Financial Freedom: Leadership on Acid (part 5)

Financial Freedom

Financial Freedom: Leadership on Acid (part 5)


I know I know, you have heard the term ‘financial freedom’ way too much and it has become cliché, which is a shame (blame the so-called Gurus!)  but I have a legitimate point to make:

I’ve seen three differing views when it comes to achieving financial goals.  

1. Save your money (don’t buy that latte every day, etc.) and you see how much you build over time. (see many many books by finance gurus)


2. Don’t save your money, buy a Latte if you want, because, come on, life is short. Just spend wisely, keep a consistent budget, and invest in stocks/bonds/funds and so forth. Live your life, don’t wait until retirement to have fun.  (see books like the Four Hour Workweek). 


3. Put all your cash under your mattress or put it all in one building and swim in it. (That book was co-authored by Donald Trump and Scrooge McDuck). 

One thing I didn’t learn until recently is that the more money you make by your dayjob, the worse you might actually be at being able to achieve financial goals.  That doesn’t make sense to most people, so let me clarify. 

It turns out that the more money you make, likely the more expenses you have because you can afford the nicer lifestyle. Regardless of the fact that you have a high income, you have a higher amount of expenses than say, the grocery store clerk that makes minimum wage. The beauty of being a grocery store clerk, in this case, is that if you do manage to make some extra money through a side business or through an investment, then it is way easier for that amount to cover your expenses, since you have relatively little expenses. 

What’s the point?

The point is simply that making more money doesn’t mean you are in better shape. It means you feel like you have more of a license to have a nicer lifestyle which inevitably means higher expenses (bigger house, nicer car, nicer schools for the kids, and so on). The nicer lifestyle traps people in their job, meaning they have to keep producing that big paycheck if they want to maintain their status quo. 

The quickest and easiest way for people to be happy (at least stable) is to live within your means. This is actually a great plan if you don’t care about being a millionaire and you like your job.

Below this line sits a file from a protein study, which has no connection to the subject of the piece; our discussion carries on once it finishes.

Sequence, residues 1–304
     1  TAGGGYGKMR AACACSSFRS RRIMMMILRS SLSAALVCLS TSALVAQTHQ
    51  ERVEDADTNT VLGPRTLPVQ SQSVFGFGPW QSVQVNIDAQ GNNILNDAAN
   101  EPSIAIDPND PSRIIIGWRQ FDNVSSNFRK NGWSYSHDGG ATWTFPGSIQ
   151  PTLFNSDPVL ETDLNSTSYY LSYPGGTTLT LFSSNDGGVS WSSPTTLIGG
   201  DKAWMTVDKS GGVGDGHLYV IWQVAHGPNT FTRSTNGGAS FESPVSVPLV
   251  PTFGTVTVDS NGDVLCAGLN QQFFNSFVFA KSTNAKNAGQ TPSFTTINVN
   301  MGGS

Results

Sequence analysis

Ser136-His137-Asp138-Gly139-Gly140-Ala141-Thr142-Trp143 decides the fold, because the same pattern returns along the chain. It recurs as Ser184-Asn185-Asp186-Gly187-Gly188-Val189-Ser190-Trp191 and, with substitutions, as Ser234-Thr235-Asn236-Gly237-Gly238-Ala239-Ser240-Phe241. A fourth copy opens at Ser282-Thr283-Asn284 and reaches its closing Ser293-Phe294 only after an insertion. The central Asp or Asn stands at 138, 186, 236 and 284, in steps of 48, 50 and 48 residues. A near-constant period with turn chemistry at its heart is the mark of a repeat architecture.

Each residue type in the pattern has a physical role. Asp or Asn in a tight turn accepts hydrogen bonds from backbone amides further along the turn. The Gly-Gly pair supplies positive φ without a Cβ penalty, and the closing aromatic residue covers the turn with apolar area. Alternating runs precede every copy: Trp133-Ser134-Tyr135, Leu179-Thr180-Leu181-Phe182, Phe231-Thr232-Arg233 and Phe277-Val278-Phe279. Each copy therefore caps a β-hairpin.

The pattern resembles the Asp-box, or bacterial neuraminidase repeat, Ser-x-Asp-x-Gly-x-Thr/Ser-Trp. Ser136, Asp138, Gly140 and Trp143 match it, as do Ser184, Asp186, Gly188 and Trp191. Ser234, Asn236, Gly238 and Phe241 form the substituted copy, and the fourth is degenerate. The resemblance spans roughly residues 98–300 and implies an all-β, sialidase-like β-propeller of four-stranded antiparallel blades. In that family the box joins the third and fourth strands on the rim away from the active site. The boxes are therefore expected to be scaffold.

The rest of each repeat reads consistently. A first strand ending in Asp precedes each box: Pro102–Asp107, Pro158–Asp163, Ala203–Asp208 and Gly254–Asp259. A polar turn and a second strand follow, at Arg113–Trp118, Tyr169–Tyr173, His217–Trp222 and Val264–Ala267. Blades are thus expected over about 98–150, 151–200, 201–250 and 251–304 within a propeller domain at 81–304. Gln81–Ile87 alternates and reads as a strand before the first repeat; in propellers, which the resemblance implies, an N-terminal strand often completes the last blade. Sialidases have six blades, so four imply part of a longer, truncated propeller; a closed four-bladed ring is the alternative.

If you do not like your job and want to be wealthy at some point in your life, then the FIRST thing you should do is live within your means. After that, it is way easier to do the things that people do to become wealthy (entrepreneurship, build a business, buy and sell real estate, etc.)  

Making more money is not the answer, taking control of your personal situation is-because you can plan out your whole life on paper if you want (especially if you make a predictable paycheck every two or four weeks).   You don’t have to be a financial advisor to see your strengths and weaknesses when it comes to your current financial structure. Sometimes it just takes a couple of hours to look at it and make some decisions.   Share with us your thoughts.  What are your current financial obstacles?  

2 Responses to Financial Freedom: Leadership on Acid (part 5)

  1. Chris says:

    After spending most of my adult life financially challenged, I have developed a plan or budget if you will now that I am a family man. My first objective was to define needs versus wants! What do we need or have to have and then what do we really want. I found that my “wants” have been dialed down a lot. Do I really need those cookies or soda? Couponing has added to our efforts as have shopping on certain days when items we need are on sale.Second, we have developed a plan to continue to enjoy our time together as a family, thus saving on spending money on “things” or “places” to entertain us! A great dinner and a family movie can go a long way.
    It’s subtle changes over time that add up and can make a difference in the long run. Since changing my thinking, I have enjoyed more quality time and have saved money on useless spending.

    • Good call. It’s hard to slow down on the “cookies and soda” and/or the “things” that we often desire but do not need. I’m guilty of wanting “places” and that can certainly put a dent in the bank account. As you know, there are so many expenses with children, in general, and that alone will be your “cookies and soda” for quite some time, you might say. I doubt many people consider the financial ramifications of having children, or even pets-and so there must be other ways to keep the spending low so that things stay “within your means.” Of course, the decisions then become should I buy clothes and items from the upscale baby store then later on should you consider private school or summer camp and so forth. I know you have probably thought about most of these things, and that’s just good planning. If you have a monthly budget, then you are mindful of what you can handle and that is something I bet many people aren’t doing, so consider yourself above average in that respect! Cheers!

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